As you would expect, the trip back from Palenque was nearly identical to the trip there. However, there are a few important things to keep in mind.

Once a popular destination for backpackers, Palenque has stepped up its game over the past few years when it comes to dining and accommodations. Photo: Carlos Rosado van der Gracht / Yucatán Magazine

If you did not purchase your return at Mérida-Teya, the only place in Palenque Tren Maya tickets can be sold is at the FONATUR office in the north of town. 

The FONATUR office in Palenque is the only place in town to buy tickets for the Tren Maya. While it is possible to buy the tickets online, this option is far more expensive. Photo: Carlos Rosado van der Gracht / Yucatán Magazine

From downtown, a taxi to the Tren Maya / FONATUR office should not cost you any more than 50 pesos, but make it clear that you want to go to the ticket office, not the Tren Maya station itself.

The Tren Maya station in Palenque is still under intense construction. Basic services like bathrooms are working, but don’t expect to find any convenience stores or other amenities. Photo: Carlos Rosado van der Gracht / Yucatán Magazine

The easiest way to get to the Tren Maya station in Palenque is to take a shuttle from the main ADO station downtown for 25 pesos per person. 

The trip on the ADO Shuttles takes no more than 15 minutes at most. All departures to the station are scheduled for one hour before the departure of the train itself. Photo: Carlos Rosado van der Gracht / Yucatán Magazine.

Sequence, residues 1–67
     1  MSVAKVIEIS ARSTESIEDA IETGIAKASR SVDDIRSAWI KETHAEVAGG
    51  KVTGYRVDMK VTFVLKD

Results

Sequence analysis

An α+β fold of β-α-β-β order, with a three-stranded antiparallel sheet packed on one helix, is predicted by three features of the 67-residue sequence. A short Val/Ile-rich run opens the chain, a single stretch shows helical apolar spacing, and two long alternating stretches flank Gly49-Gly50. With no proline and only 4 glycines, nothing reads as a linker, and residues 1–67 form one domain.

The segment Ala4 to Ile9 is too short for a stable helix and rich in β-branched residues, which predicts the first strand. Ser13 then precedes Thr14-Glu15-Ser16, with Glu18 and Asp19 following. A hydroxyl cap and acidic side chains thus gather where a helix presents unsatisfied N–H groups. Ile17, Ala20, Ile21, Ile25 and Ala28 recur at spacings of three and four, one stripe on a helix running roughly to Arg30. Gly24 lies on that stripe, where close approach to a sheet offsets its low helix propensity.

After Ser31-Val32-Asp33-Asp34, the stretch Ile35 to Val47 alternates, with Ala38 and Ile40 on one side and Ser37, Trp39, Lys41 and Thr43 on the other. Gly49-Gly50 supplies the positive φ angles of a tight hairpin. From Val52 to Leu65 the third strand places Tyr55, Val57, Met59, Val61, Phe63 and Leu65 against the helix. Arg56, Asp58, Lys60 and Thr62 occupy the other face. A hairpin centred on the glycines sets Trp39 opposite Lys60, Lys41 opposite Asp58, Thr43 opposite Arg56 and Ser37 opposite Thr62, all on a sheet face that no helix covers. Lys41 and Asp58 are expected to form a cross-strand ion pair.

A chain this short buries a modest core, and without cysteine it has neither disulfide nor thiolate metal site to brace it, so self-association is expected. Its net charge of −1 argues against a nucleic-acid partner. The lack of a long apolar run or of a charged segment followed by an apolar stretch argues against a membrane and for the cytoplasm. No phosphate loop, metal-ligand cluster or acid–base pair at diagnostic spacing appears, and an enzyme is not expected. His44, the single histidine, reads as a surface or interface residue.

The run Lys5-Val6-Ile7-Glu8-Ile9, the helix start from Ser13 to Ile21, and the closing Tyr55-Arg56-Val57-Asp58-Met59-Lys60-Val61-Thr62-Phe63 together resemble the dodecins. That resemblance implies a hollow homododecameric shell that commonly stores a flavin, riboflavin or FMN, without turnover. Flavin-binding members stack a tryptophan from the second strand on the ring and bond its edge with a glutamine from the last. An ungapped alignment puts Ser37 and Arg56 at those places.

A few more things to consider

Each passenger on the Tren Maya is allowed to bring aboard a suitcase weighing no more than 25 kg or 55 pounds, as well as a carry-on bag. However, at no point did we observe any bags being weighed. 

Pets are not allowed on the train, though assistance animals are, as long as all of their documentation, including a valid certificate and vaccine card, is complete. 

For Mexican travelers, the Tren Maya between Mérida and Palenque is 1,215 pesos for Tourist Class and 1,389 pesos for Premiere, which offers roomier cars and a few more snacks. For foreigners, the price is 1,848 and 2,957 pesos respectively, which admittedly is steep. Keep in mind that price discrepancies have been spotted, even on official printed materials, but hopefully, these mistakes will be sorted out soon.

A rendering of what the train station at Palenque is to look like when completed. Photo: SECTUR

Special discounts of around 30% are available for residents of Chiapas, Tabasco, Campeche, Yucatán, and Quintana Roo.

When returning to Mérida, the Ie-Tram departing from Teya station stops at La Plancha and Paseo 60. Photo: Carlos Rosado van der Gracht / Yucatán Magazine
Carlos Rosado van der Gracht
Carlos Rosado van der Gracht
Born in Mérida, Carlos Rosado van der Gracht is a Mexican/Canadian blogger, photographer and adventure expedition leader. He holds degrees in multimedia, philosophy, and translation from universities in Mexico, Canada and Norway.
- Advertisement -spot_img
SUBSCRIBEspot_img
ADVERTISEMENTspot_img
Verified by ExactMetrics